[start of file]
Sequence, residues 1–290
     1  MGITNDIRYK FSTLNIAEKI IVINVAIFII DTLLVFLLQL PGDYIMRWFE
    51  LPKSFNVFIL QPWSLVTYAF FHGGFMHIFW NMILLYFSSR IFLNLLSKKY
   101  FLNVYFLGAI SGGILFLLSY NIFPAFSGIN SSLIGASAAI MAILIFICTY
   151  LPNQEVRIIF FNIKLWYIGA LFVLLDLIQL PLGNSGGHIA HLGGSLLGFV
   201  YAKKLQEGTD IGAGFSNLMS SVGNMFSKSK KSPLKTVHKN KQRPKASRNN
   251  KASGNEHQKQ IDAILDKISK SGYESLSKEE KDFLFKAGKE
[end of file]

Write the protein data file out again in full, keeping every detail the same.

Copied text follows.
Sequence, residues 1–290
     1  MGITNDIRYK FSTLNIAEKI IVINVAIFII DTLLVFLLQL PGDYIMRWFE
    51  LPKSFNVFIL QPWSLVTYAF FHGGFMHIFW NMILLYFSSR IFLNLLSKKY
   101  FLNVYFLGAI SGGILFLLSY NIFPAFSGIN SSLIGASAAI MAILIFICTY
   151  LPNQEVRIIF FNIKLWYIGA LFVLLDLIQL PLGNSGGHIA HLGGSLLGFV
   201  YAKKLQEGTD IGAGFSNLMS SVGNMFSKSK KSPLKTVHKN KQRPKASRNN
   251  KASGNEHQKQ IDAILDKISK SGYESLSKEE KDFLFKAGKE